The chain expanded to 21 locations by the end of 2022, with plans for further growth. However, in April 2023, Project Pollo announced it would close almost all its stores after being acquired by Detroit-based burger chain Savvy Sliders, which expanded its operations into Texas from Michigan and Ohio. "Basically, they wanted everything we had built except for the vegan food," Bradbury told the San Antonio Express-News.

Fans of Bradbury's vegan vision were also disappointed when he announced a new fast food project called Side Chicks, which would serve real fried chicken. This brand outlived Project Pollo, as their crispy chicken sandwiches are available to order on DoorDash. However, they currently have no physical location. When asked what he'd change about his choices after closing Project Pollo, Bradbury told the San Antonio Express-News he'd be "more disciplined and accurate in some of our site selection and sure as hell spend a lot more time in the development of the team."

What's next for Project Pollo and Lucas Bradbury?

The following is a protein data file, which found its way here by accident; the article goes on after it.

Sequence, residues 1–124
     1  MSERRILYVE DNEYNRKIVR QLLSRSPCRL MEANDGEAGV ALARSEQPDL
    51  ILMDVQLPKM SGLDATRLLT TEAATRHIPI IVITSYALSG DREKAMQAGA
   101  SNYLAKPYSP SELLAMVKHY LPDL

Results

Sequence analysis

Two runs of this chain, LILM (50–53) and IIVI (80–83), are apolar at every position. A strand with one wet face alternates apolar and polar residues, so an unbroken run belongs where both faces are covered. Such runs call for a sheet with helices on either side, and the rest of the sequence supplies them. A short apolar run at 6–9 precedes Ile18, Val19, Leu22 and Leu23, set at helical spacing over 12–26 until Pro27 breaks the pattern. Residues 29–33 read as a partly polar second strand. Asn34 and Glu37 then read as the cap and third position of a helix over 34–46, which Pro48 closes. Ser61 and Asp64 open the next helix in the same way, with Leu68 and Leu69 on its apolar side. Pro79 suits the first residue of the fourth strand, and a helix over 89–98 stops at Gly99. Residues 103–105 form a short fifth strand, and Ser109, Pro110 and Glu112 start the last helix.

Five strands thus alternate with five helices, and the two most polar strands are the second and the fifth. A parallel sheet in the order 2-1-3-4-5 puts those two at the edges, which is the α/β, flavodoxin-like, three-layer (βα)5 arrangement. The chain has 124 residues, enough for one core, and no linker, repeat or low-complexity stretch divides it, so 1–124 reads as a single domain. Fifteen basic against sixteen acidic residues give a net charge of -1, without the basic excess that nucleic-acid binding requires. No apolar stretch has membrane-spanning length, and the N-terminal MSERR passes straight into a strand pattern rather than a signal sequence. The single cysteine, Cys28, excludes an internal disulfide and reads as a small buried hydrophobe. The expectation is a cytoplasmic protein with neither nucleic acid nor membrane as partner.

Lucas Bradbury began Project Pollo by selling his house to buy his first food trucks, with barely $3 to his name and a baby on the way. It grew like wildfire in the Texas heat and burnt out just as fast. However, throughout the takeover, there was a consistent message that at least one store would remain open. According to Project Pollo's Instagram, as recently as April 19th, the location on Rosewood Avenue, Austin, Texas, "will always be there. Never closing. Ever". Unfortunately, that location, too, seems to have shut its doors per the vegan site HappyCow, with the last reviews coming in late June 2023.

There are glimmers of hope, though. Project Pollo announced pop-up openings at the Rosewood location coming early August 2023, which may foreshadow a larger reopening after some kind of summer break.

Don't forget that Bradbury began Project Pollo as a food truck outside a friend's bar, allowing it to open during COVID-19 restrictions, as they were "serving food." Being bought out by a rival chain is quite a good ending for his story. Also, he is mentioned as co-owner of the Parisian-themed upscale cocktail bar, Pastiche, recently named one of the eight best bars in San Antonio.